Stroke and TIA survivors’ cognitive beliefs and affective responses regarding treatment and future stroke risk differentially predict medication adherence and categorised stroke riskPsychology & Health
Publication VersionAccepted Manuscript
AbstractCognitive beliefs and affective responses to illness and treatment are known to independently predict health behaviours. The purpose of the current study is to assess the relative importance of four psychological domains – specifically, affective illness, cognitive illness, affective treatment and cognitive treatment – for predicting stroke and transient ischemic attack (TIA) survivors’ adherence to stroke prevention medications as well as their objective, categorised stroke risk. We assessed these domains among stroke/TIA survivors (n = 600), and conducted correlation and regression analyses with concurrent and prospective outcomes to determine the relative importance of each cognitive and affective domain for adherence and stroke risk. As hypothesised, patients’ affective treatment responses explained the greatest unique variance in baseline and six-month adherence reports (8 and 5%, respectively, of the variance in adherence, compared to 1–3% explained by other domains). Counter to hypotheses, patients’ cognitive illness beliefs explained the greatest unique variance in baseline and six-month objective categorised stroke risk (3 and 2%, respectively, compared to 0–1% explained by other domains). Results indicate that domain type (i.e. cognitive and affective) and domain referent (illness and treatment) may be differentially important for providers to assess when treating patients for stroke/TIA. More research is required to further distinguish between these domains and their relative importance for stroke prevention.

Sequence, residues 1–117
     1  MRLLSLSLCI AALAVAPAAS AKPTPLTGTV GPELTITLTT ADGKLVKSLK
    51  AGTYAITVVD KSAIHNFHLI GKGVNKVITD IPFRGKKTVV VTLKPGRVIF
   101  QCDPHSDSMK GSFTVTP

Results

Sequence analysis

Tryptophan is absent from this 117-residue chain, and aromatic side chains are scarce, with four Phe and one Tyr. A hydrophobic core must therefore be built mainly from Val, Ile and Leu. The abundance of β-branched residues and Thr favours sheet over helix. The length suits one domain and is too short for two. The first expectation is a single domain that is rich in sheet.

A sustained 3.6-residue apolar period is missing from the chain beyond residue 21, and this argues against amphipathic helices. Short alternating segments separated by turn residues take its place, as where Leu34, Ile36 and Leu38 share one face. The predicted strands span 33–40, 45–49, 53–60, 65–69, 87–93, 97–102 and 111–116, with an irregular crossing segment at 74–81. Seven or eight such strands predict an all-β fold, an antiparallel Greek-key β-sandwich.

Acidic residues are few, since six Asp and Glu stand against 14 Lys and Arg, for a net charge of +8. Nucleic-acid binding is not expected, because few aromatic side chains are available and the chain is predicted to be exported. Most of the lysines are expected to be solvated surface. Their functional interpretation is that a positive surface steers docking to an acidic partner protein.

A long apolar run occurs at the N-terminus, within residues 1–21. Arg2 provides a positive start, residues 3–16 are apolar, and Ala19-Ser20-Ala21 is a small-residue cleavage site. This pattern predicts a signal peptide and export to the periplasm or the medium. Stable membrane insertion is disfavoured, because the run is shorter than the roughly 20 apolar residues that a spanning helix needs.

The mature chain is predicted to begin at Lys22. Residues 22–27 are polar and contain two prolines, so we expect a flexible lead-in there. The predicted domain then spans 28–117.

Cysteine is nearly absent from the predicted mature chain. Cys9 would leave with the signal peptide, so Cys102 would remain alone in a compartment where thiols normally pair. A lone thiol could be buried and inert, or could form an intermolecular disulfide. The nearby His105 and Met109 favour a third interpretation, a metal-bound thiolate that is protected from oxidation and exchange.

Copyright OwnerTaylor & Francis
Citation InformationL. Alison Phillips, Michael A. Diefenbach, Jessica Abrams and Carol R. Horowitz. "Stroke and TIA survivors’ cognitive beliefs and affective responses regarding treatment and future stroke risk differentially predict medication adherence and categorised stroke risk" Psychology & Health Vol. 30 Iss. 2 (2015) p. 218 - 232
Available at: http://works.bepress.com/lalison-phillips/6/